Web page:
General Studies Paper 4 (Ethics): Corporate Social Responsibility

corporate social responsibility

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Syllabus: General Studies Paper 4 (Ethics)

Is Corporate Social Responsibility (CSR) ethical? Discuss the ethical issues involved in CSR. (150 Words)



Corporate social responsibility (CSR) is a self-regulating business model that helps a company be socially accountable to itself, its stakeholders, and the public. India has a long tradition of paternalistic philanthropy. The process, though acclaimed recently, has been followed since ancient times albeit informally. Philosophers such as Kautilya from India preached and promoted ethical principles while doing business.

In India, there is a growing realization that business cannot succeed in isolation and social  progress is necessary for sustainable growth. An ideal CSR practice has both ethical and philosophical dimensions, particularly in India.

Corporate Social Responsibility: –

 Companies engage in corporate social responsibility (CSR) when they confer benefits on the communities located in or near where they work which are neither required by law nor an integral part of their primary, profit-oriented operations. At one end of the spectrum, CSR can be viewed simply as a collection of good citizenship activities being engaged by various organizations. At the other end, it is a way of doing business resulting in the significant impact on community and long-term sustainability. It is also important to shape responsible and supportable relationships with the community at large. Education, health and environment are prominently tackled by CSR initiatives in India

Ex: Project Hariyali and Project Nanhi Kali by Mahindra, Tata’s Act for Mahseer’ etc are some of the important initiatives by Indian companies.


There is the danger that CSR erodes government’s responsibility to provide public services.

  • When corporations use serious world problems as advertising campaigns, it proves CSR unethical. Maybe a few companies actually care about the issues in their advertisements. But with so many businesses partaking in Corporate Social Responsibility, the majority do not.
  • Management and advertising executives sit around a table and pick a social or environmental issue with a good Return on Investment.
  • Not only using serious world problems to sell products unethical, it desensitizes people to these problems.
  • Some will believe that purchasing products packaged with CSR imagery actually helps to solve the problems.
  • The fact that CSR in India is done based on laws companies otherwise is not very keen to participate in voluntary activities or they don’t want to spend profit on social causes.
  • Most companies see CSR as public relations and marketing. As a result, social issues are used as advertising campaigns. Companies make vague claims about ’empowering workers’, ‘a better world together’ and ‘helping local communities’ without evidence or meaning.


Developing and implementing CSR strategy helps leaders create a moral image of themselves   and their firm, which ultimately provides a sense of accumulated moral credits. These moral   credits mean they feel justified in engaging in less ethical behaviour and being less vigilant in managing the needs of their stakeholders. This bank of moral credits allows leaders to think that they can behave in a socially undesirable way without fear of discrediting their image.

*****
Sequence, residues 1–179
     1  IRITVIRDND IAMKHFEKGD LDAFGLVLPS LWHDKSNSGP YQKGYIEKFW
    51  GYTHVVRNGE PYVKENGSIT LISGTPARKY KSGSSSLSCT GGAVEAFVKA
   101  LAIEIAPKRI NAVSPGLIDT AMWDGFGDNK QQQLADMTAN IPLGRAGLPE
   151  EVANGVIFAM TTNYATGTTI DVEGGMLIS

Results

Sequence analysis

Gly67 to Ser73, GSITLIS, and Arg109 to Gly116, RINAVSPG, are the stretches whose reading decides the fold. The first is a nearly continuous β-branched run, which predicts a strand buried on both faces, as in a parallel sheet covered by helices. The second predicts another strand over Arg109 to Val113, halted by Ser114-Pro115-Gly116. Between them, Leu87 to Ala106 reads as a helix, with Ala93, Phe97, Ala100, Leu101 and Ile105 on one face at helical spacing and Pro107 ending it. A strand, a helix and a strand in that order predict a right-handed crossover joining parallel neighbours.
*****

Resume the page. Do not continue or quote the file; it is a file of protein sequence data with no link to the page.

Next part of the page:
• For instance The Volkswagen case represents above all an absolute failure in terms of Corporate Social Responsibility (CSR). The company deliberately set out to design a means to circumvent emissions control.
  • Recent example of ICICI bank scandal : ICICI Bank’s troubles are rooted in a 2016 complaint by an investor alleging a quid pro quo deal between Bank CEO’s immediate family members and the Videocon group which got a Rs. 3,250-crore loan from it.


Way forward:

  • So to make CSR truly benefitting the society there is a need for regulatory mechanisms making people more aware so that they can demand the services rather than just be a passive recipient.
  • Organizations can manage ethics in their workplaces by establishing ethics management programs that convey their corporate values, codes and policies to guide decisions and behaviour. However, the mere presence of a code of ethics does not necessarily guarantee causation of ethical behaviour within a company, unless it is integrated into all aspects of an organization .
  • There is need for training on the ethical code which may include the values, codes, and standards of the organization.
  • Transparent activities are needed. Every employee wants to be part of an organization where they are recognized and made aware of the truth and what is going on, particularly in crisis situations.
  • There should be a policy to address the the issues like Nepotism, favouritism, conflict-of-interest, quid pro quo, transparency, Lack of accountability.



Corporate money doesn’t solve problems, commitment does.  CSR should be a part of the DNA of any organization because successful ventures have to also give back to society and not just always take from it. This way businesses can have an overall positive impact on the communities, cultures, societies and environments in which they operate.


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